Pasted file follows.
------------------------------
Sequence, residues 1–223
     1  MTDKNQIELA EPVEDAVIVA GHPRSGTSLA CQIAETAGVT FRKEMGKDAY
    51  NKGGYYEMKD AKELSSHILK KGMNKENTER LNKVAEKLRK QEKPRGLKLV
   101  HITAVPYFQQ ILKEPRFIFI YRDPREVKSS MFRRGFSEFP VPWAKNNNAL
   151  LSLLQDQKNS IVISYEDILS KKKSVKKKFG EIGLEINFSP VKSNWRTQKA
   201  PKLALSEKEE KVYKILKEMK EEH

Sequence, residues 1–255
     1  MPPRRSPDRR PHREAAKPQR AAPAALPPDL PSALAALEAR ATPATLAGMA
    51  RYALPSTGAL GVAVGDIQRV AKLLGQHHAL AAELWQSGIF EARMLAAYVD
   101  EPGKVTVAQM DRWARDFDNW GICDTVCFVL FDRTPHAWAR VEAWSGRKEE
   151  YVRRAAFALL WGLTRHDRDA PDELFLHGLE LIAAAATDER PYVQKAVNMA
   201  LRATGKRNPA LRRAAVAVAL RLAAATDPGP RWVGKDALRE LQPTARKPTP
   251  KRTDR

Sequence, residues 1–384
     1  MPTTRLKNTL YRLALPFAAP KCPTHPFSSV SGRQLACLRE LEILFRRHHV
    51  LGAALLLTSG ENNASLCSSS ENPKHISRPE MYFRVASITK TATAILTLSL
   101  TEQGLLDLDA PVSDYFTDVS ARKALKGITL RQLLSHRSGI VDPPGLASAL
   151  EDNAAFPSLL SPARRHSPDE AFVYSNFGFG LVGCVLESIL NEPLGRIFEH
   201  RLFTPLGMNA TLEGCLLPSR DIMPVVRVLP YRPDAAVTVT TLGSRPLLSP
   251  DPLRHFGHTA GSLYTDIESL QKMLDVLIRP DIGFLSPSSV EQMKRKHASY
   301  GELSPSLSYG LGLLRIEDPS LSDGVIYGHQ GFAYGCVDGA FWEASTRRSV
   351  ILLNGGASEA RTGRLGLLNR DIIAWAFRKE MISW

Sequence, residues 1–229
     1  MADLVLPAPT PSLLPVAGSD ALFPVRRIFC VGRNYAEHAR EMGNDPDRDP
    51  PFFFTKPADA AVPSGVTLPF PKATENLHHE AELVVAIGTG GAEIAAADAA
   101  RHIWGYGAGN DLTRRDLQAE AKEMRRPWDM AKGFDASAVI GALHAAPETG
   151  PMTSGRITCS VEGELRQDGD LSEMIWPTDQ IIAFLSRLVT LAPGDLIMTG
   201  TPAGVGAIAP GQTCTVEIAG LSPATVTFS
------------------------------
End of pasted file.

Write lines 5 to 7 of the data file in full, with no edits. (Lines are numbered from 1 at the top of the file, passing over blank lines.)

   151  LSLLQDQKNS IVISYEDILS KKKSVKKKFG EIGLEINFSP VKSNWRTQKA
   201  PKLALSEKEE KVYKILKEMK EEH

Sequence, residues 1–255